Be aware that reset pinholes sometimes do more than simply resetting the device. For example, the reset pinholes on consumer routers generally reset the router to its factory default settings. To power-cycle the router without losing your settings, just unplug it and plug it back in.


Image Credit: DeclanTM on Flickr

If this didn’t solve your problem and your device still seems frozen (or dead), be sure that you’re following the correct procedure for your specific device – you may need to use a pinhole or combination of buttons mentioned in the device’s manual. If following that process didn’t help, it’s possible that your hardware is dead and the device needs to be serviced or replaced.

Chris Hoffman is a technology writer and all-around computer geek. He's as at home using the Linux terminal as he is digging into the Windows registry. Connect with him on Google+.

  • Published 12/18/12

Comments (9)

  1. Billy

    Pretty basic stuff, but worth repeating for newbies – or even some not so newbies!

  2. truckdriverfritz

    found out after the fact that you can remove the battery from a Razr, had to wait a day for it to drain down by itself, next time will try the tips, before removing said battery, if there is a next time…. thanks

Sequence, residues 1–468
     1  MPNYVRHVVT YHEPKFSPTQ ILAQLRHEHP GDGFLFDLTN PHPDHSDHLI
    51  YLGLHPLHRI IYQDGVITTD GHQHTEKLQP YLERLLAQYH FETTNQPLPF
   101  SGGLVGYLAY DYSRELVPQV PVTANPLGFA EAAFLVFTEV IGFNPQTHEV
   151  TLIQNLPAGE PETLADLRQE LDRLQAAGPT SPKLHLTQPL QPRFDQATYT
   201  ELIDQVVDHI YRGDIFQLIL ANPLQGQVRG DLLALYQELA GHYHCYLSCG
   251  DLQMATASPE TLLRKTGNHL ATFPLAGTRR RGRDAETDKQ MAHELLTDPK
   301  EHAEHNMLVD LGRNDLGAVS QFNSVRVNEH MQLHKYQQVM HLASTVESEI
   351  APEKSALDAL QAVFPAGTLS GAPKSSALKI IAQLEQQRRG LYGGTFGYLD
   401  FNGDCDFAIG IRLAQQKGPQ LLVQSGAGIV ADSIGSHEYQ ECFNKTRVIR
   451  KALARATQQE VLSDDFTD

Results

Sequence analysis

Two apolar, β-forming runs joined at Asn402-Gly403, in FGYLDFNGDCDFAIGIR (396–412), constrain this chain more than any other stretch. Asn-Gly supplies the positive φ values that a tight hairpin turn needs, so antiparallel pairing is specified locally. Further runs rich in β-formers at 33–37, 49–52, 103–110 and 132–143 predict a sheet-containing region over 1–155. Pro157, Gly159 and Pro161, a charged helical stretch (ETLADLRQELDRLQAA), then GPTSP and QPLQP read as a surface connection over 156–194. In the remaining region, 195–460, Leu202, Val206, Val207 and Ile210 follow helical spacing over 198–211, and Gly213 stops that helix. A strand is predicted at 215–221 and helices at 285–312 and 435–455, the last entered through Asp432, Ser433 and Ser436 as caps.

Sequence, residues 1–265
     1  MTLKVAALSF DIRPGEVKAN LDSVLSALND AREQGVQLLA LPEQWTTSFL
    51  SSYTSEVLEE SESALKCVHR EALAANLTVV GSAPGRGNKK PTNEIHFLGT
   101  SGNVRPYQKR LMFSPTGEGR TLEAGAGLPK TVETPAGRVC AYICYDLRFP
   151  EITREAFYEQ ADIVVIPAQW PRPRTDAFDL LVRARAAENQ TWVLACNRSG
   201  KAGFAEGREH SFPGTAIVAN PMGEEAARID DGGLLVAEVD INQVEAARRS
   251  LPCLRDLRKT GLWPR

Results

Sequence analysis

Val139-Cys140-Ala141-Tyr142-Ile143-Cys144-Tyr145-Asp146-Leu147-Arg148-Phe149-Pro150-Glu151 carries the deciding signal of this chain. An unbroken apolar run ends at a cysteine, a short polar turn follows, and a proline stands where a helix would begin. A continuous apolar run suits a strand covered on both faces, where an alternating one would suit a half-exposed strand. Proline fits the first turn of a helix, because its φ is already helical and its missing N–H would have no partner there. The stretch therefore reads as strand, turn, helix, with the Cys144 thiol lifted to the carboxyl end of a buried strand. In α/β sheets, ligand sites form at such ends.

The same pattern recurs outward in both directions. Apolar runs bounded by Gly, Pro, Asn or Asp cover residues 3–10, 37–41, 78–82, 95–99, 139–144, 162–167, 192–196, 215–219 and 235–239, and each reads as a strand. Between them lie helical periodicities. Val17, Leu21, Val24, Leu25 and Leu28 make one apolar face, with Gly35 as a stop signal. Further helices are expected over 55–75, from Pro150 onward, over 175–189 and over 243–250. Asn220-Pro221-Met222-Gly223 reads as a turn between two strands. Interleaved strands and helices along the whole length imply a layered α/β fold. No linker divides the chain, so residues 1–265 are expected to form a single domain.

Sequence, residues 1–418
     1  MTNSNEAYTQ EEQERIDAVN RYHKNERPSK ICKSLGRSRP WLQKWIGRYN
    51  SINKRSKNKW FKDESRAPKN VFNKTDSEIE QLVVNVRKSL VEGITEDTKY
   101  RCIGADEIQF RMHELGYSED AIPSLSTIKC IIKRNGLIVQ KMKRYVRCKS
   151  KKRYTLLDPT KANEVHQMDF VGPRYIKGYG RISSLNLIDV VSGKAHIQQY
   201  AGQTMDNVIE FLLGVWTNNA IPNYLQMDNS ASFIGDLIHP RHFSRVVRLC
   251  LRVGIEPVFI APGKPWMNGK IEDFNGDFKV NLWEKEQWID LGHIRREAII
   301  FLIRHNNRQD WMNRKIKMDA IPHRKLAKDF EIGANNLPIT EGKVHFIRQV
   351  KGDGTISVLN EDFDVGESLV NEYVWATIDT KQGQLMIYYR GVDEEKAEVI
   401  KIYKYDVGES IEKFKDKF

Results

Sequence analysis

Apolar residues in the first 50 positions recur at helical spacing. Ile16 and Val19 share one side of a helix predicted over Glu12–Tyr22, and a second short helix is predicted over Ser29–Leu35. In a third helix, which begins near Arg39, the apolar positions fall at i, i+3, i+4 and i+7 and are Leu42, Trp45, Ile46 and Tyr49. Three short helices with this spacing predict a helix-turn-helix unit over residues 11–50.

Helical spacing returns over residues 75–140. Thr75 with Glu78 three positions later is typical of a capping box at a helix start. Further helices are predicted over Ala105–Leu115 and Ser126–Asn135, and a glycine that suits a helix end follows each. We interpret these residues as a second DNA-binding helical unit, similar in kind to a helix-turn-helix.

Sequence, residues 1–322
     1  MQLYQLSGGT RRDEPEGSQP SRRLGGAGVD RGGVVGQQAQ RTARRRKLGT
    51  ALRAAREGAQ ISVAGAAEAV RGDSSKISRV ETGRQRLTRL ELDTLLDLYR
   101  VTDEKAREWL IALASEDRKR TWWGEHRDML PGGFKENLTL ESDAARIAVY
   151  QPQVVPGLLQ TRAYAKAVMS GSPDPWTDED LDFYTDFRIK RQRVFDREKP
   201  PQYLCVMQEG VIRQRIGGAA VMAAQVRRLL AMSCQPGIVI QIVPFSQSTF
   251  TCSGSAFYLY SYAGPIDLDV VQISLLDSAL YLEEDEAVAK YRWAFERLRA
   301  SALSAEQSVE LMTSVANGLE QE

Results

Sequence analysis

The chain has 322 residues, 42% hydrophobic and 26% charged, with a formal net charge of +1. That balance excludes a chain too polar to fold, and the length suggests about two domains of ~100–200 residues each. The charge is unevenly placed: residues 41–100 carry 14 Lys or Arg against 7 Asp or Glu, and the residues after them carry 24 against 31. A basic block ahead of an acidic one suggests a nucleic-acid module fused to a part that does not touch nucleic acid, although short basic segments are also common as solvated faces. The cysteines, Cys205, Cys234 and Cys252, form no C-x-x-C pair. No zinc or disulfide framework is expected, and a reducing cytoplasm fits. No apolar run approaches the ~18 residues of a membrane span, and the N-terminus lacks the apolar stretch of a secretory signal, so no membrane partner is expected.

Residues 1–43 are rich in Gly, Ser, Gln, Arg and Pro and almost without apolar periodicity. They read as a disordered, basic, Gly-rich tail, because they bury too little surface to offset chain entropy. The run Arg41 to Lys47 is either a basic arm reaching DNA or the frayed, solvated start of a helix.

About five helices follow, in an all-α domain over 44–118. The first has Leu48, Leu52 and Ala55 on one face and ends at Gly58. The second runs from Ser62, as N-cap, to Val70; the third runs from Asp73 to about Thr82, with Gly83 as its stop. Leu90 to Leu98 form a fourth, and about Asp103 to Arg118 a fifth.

3. surgec411

    I used to think SSH was the only way to fix my alwas freezing iPod. Until I found out that you can simply reset it by holding two buttons!

  4. Chemical

    I always do 30/30/30 reset when flashing a router to clear out the NVRAM and minimize the chance of bricking the device (especially with custom firmware).

    Depress reset button for 30 seconds, unplug device while still holding reset, wait 30 seconds, plug and power up device while still holding reset for 30 seconds. Memory cleared, ready to rock.

  5. Vince Rosati

    The “Power-Down” approach works for more tha portable, battery-powered devices.

    We have a Kitchen Aid “Dishwasher from Hell” that needed eight service calls in five years. The control panel was replaced four times. Finally, after one more failure when we were ready to toss the infernal machine, I tripped the breaker for the DW circuit, left it off for five minutes, and flipped it back on. The DW worked! I have repeated this abour four times.

    I had one similar experience with our GE kitchen range. None of the digital controls worked, even to inability to set the clock. The breaker trick worked.


  6. jthelw

    This is the one and only thing I ever learned from offshore tech support.

  7. nickallison

    Had a Lumia 920 that froze on me couple of days ago. Soft Reset (Power Button + Vol Up for 30 secs) was totally unresponsive.
    The screen was displaying with back light however, so left to drain the battery over night. Plugged the charger back in while holding the Soft Reset buttons and it fired back up.

  8. Ian

    The I.T.Crowd covered this a long time ago, “have you tried turning it off and back on again”

  9. Ash

    I have another to add: With laptops and even desktops it can sometimes help to unplug (along with removing the battery from a laptop) so that the device is receiving no power. Then hold the power button for 10-30 seconds. This can clear out all sorts of booting problems in my experience.